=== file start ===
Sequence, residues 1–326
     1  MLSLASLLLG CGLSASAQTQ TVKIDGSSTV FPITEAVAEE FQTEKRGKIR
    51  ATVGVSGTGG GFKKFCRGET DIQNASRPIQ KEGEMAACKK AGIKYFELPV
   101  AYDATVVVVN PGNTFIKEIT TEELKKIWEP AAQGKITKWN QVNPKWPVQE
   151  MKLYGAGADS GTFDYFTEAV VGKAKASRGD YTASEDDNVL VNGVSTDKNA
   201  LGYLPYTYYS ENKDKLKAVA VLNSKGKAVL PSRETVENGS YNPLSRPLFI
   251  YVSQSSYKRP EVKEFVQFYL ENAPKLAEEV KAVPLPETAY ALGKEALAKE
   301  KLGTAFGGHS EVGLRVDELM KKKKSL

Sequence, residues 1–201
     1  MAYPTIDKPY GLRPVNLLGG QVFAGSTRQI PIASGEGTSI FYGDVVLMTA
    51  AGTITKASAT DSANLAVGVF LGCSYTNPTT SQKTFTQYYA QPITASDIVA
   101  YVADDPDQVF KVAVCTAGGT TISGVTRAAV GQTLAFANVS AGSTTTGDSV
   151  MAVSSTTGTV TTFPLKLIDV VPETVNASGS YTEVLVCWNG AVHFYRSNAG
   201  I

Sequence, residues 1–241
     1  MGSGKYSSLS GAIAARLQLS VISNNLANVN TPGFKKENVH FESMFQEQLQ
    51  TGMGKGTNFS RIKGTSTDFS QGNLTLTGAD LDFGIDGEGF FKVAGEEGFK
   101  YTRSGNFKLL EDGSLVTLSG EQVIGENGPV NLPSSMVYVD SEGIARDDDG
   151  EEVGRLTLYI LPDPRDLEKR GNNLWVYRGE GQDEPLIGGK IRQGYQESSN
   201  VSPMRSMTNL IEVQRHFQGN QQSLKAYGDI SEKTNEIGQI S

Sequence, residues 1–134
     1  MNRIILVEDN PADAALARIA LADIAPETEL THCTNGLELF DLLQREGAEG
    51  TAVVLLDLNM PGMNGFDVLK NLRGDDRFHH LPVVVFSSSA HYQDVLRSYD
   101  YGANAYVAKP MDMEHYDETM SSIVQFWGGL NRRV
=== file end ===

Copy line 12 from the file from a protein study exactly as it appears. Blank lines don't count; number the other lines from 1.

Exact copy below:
   101  YVADDPDQVF KVAVCTAGGT TISGVTRAAV GQTLAFANVS AGSTTTGDSV